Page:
And then there is the, well, “crown jewel” of cargo-related crimes at JFK, the very, very, very well-known “Lufthansa heist” (so called because the money had come in on a Lufthansa flight) removal there from a vault of approximately $5 million in cash on December 11, 1978. This one served as the key plot element of the hit movie “Goodfellas” and also of two lesser-regarded made-for-TV films. It also devolved rather quickly, unlike both the cargo thefts referenced above and the Defreitas case plot which fortunately never attained explosive fruition, into violence. At least ten of the involved principals and their associates were, uh, “taken out” in an ultimately unsuccessful attempt by the remaining perpetrators to shore up their defenses against arrest and prosecution.

The roll call of crimes at JFK actually also includes busts of 22 in cargo-related thefts in 1994 and an additional 56 in 1998. Additionally, embarrassingly for the Port Authority which runs JFK, in 1994 the usually somewhat circumspect on such topics New York Times in fact referred to JFK as “the mob’s candy store.” Since then, however, the “mob,” meaning old line LCN members and their associates, has declined greatly in importance and membership. But crime itself at JFK, seemingly centered at good ol’ Terminal One, has continued, as those proceedings just from 2012 to the present clearly indicate.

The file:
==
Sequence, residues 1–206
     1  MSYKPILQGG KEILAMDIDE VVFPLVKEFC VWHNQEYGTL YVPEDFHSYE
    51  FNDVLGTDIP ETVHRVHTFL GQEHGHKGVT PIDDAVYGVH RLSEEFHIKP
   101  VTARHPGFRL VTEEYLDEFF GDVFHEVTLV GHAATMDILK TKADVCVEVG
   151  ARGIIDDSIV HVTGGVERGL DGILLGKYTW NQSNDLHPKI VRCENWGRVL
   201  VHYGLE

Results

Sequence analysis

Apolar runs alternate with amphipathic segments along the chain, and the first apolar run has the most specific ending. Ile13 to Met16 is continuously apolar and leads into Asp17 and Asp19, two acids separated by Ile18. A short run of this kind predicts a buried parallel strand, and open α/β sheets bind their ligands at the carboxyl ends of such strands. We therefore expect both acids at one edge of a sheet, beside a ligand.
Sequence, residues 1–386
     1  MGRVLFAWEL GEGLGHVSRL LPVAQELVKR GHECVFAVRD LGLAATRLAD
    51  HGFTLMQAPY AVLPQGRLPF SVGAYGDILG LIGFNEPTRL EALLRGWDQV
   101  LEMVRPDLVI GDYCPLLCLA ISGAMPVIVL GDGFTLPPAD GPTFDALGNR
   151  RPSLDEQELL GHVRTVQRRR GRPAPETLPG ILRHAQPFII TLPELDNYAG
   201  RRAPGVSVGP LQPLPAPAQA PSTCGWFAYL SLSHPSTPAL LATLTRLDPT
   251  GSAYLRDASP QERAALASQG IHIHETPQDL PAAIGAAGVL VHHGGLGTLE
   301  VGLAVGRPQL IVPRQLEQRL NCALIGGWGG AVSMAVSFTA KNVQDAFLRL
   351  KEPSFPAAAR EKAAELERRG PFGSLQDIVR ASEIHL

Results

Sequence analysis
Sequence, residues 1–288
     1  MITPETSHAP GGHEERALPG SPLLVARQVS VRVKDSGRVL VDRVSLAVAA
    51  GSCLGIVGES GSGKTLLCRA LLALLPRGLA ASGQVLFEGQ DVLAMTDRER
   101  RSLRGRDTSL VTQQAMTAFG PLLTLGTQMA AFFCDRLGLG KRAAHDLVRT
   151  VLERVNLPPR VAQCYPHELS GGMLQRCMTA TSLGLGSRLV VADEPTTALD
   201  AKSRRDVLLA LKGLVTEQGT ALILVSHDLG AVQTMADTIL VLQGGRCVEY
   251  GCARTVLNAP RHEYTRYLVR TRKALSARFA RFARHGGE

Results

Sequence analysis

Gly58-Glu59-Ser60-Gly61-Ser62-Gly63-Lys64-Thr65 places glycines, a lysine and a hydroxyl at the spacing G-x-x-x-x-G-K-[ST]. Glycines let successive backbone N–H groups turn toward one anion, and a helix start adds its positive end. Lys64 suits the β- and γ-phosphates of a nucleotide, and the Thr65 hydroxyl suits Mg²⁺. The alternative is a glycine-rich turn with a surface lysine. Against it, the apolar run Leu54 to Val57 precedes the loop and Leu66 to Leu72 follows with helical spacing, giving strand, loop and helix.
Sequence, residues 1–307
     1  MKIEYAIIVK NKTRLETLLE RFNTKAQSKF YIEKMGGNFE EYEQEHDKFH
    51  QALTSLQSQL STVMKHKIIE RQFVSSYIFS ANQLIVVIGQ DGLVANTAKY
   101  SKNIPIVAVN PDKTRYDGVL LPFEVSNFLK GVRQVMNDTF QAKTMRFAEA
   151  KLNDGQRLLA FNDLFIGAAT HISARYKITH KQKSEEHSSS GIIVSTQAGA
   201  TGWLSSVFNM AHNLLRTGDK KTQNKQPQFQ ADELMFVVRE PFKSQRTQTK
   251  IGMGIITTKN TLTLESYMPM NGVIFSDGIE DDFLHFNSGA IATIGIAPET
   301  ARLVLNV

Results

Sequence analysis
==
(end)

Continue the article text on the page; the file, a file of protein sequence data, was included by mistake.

(We, of course, also wonder what actual hiring practices are like for cargo handlers at JFK, and even whether if among them Terminal One is seen as a sort of plum assignment. As per, comparatively, what late 19th century usage of the term the “Tenderloin district” of lower Manhattan represented for crooked NYC policemen and pols in terms of opportunities for illegal gains compared to the pickings in other districts.)